Posted in Short Stories

Willa Cather: Paul’s Case


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Willa Cather

Smokey Robinson once sang “…a taste of honey’s worse than none at all”.  Based on her short story “Paul’s Case”, I would bet Willa Cather would have agreed – although, she would probably say a taste of “money” is worse than none at all.  I read this story for Week  6 of Deal Me In 2015.  My Deal Me In 2015 list can be seen here.  Deal Me In 2015 is sponsored by Jay at Bibliophilopolis.

I had several of Cather’s stories on my Deal Me In 2013 list.  While I enjoyed some of them, others left me a little flat.  Her stories that are set in Nebraska or the Southwest were beautiful and intriguing to me.  In spite of my infatuation with New York City, her stories involving artists in the Big Apple at the turn of the twentieth century just didn’t grab hold of me.

In the case of “Paul’s Case”, though, Cather does something different with New York City.  Paul, a teenager, lives in Pittsburgh and is somewhat of a delinquent at school.  He loves serving as an usher at Carnegie Hall so that he can rub elbows with the rich and famous – both the patrons and the performers.  His awe of the rich lifestyle contrasts with his contempt for his lower income neighborhood and school.

Cather simultaneously casts a small spark of sympathy for Paul’s situation (or “case” as the title suggests) and a repulsion for Paul’s attitude and character.  By less than noble means, Paul manages to run away to New York City and live the high life – for a little while.  As with many teenagers, Paul doesn’t realize that there is such a thing as a future and that his means will eventually run out:

It was characteristic that remorse did not occur to him.  His golden days went by without a shadow, and he made each as perfect as he could.

Since I’m on an F. Scott Fitzgerald kick, I’ll bring up the fact that Maureen Corrigan, in So We Read Onindicates that Fitzgerald “adored” Willa Cather.  Corrigan even goes on to say that some of the characters in The Great Gatsby were inspired by characters in Cather’s stories (Corrigan bases this on letters Fitzgerald wrote to Cather).  Paul in “Paul’s Case” has some definite Jay Gatsby attributes; however, I would guess that Gatsby ultimately gets more reader sympathy than Paul does.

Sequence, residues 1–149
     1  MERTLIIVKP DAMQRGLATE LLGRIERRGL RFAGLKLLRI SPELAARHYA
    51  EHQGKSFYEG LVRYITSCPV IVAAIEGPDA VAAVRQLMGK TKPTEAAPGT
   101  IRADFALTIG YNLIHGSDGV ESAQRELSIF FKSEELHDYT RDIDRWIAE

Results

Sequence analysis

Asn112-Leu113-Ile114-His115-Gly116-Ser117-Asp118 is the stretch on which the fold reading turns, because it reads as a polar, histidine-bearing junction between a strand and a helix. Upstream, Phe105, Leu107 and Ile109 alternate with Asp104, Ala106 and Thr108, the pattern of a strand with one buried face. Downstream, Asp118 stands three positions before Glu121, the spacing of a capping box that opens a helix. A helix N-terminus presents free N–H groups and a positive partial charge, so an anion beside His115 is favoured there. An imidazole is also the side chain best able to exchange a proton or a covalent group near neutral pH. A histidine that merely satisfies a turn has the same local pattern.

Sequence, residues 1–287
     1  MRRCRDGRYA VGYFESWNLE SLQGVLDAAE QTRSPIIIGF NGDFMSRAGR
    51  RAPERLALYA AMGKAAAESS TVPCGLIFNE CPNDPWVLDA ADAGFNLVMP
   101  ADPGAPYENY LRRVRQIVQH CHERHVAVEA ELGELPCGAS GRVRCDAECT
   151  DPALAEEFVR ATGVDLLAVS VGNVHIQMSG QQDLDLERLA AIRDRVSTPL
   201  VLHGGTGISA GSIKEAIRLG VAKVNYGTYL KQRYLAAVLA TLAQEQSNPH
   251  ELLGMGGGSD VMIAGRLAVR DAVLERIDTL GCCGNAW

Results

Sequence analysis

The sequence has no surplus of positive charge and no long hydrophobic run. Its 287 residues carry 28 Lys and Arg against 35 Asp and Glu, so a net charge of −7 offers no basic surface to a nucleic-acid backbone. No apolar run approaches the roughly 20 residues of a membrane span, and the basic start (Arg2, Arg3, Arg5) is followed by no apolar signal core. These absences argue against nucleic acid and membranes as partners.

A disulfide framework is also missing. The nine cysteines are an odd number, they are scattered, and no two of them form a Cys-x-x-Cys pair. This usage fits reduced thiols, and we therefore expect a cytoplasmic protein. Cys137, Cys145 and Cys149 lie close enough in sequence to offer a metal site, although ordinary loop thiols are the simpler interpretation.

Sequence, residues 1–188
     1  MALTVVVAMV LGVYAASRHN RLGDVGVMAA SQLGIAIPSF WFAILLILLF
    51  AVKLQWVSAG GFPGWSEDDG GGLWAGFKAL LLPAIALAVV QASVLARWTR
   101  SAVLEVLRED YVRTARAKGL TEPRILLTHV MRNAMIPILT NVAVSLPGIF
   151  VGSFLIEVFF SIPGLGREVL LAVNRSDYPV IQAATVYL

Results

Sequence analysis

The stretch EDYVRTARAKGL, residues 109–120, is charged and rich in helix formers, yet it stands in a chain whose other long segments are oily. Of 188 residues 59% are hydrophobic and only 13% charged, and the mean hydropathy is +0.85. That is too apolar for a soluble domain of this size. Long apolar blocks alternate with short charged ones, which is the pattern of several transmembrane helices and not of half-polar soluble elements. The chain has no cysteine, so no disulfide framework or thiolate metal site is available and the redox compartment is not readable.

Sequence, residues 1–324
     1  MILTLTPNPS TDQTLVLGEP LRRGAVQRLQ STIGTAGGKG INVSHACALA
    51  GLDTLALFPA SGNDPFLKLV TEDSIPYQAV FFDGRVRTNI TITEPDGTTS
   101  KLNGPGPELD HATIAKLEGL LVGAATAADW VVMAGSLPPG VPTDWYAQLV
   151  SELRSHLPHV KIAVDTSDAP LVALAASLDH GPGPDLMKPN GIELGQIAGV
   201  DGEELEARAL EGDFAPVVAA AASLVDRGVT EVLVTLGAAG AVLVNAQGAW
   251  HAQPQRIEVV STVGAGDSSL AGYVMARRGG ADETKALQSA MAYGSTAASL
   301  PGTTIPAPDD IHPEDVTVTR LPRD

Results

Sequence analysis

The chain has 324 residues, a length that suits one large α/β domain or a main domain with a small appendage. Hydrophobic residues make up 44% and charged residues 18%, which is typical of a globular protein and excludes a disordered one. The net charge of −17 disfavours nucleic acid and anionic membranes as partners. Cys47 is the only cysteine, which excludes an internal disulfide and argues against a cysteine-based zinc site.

5 thoughts on “Willa Cather: Paul’s Case

  1. My Great Books Foundation reading group just read Cather’s novella “Tom Outland’s Story” for a meeting last week. I doubt I’ll ever get tired of Cather. It gives her even more “cred” (not that she needs it, if you asked me) that FSG “loved” her. I haven’t read Paul’s Case, though, but it sounds like another winner for DMI.

    Speaking of DMI, I’m really enjoying the influx of “new blood” this year added to our “core” bloggers from last year. Some of the new participants have great blogs and are very good writers imho.

    1. I agree about DMI this year! I think I’ll always enjoy discovering new things to read and new people “talking about them”. I just got a “haul” of books from Amazon mostly based on hearing about them on other blogs: “Redeployment” by Phil Klay (short stories about military life during and after Iraq); The Complete Short Stories of Flannery O’Connor; G. K. Chesterton’s “The Man Who Was Thursday”; and B. J. Novak’s “One More Thing: Stories and More Stories”.

  2. Well, I have to say I adore Cather too, but I’ve only read her mid-West stories, so I’m not sure how I’d react to the ones set back east.

    Everyone who has joined this challenge is reading such wonderful stories! If only I could read them all right now. Yet instead my list keeps getting longer and longer. Now I just have to figure out how to stretch out the weeks in the year ……. :-Z

    1. I know exactly what you mean, Cleo! Every time I read about a new story I want to run out and buy it or at least go to the library. More time to read would be great!

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